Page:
What is the conflict that appears in Arthur Miller's The Crucible, how is it resolved, and can you characterize this play as modern tragedy?

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favoritethings eNotes educator| Certified Educator

The play's main external conflict exists between John Proctor and society. John takes issue with his community's handling of the witchcraft accusations, attempts to address them and repair the damage done, is eventually accused of witchcraft (by Mary Warren), and dies as a result of a corrupt system. The play's main internal conflict is arguably even more interesting and occurs entirely within John. His guilt over his past affair with Abigail has eaten away at his sense of self, and John no longer considers himself a good person. His struggle to regain a belief in his own goodness eventually results in his decision not to confess a lie that would save his life. Instead, he decides to be honest and die, but he seems to consider the loss of his life to be a small price to pay for his sense of redemption.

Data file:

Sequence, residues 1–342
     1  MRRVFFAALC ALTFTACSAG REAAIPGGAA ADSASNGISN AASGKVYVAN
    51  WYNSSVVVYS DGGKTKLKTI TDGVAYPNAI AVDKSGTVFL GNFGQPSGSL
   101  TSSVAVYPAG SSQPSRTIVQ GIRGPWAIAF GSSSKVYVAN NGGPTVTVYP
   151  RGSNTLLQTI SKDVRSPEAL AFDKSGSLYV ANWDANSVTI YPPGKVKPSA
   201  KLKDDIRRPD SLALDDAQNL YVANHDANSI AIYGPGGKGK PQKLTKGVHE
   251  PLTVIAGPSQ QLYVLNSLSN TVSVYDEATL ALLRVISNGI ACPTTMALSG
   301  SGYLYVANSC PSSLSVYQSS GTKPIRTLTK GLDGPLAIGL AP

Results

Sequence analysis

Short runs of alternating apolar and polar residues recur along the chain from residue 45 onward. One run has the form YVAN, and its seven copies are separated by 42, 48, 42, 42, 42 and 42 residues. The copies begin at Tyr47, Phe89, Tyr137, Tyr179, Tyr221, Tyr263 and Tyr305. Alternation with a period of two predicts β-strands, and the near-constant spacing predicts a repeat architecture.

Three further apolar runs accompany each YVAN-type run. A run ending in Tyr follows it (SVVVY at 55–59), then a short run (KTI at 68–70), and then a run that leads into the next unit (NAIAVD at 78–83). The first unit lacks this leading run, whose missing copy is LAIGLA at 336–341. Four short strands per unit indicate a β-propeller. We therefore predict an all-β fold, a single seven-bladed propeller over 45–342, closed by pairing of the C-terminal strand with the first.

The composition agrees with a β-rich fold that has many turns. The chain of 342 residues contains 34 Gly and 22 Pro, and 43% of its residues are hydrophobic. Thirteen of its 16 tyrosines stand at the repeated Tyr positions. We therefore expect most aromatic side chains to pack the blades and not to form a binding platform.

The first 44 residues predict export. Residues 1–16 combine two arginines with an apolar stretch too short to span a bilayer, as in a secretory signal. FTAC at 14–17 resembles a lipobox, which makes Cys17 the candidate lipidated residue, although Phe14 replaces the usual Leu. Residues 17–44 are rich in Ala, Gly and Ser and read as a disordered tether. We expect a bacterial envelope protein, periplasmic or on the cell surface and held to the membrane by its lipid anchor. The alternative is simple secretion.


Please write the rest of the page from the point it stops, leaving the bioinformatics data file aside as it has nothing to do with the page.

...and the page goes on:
I'm not sure I would characterize this as a modern tragedy precisely because John Proctor has ended the play, and his life, with the sense of his own goodness restored to him.  Had he compromised his values and confessed to a lie, John would have compromised himself in a really tragic way, and I would be more likely to characterize the play as a tragedy if John decided to confess the lie. To be sure, the loss of innocent life is tragic, but I would not characterize the play as a tragedy. Because John is ultimately comfortable with the choice he makes to relinquish his life in exchange for the knowledge that he dies a good man, the play seems to end in a bittersweet triumph rather than a tragedy.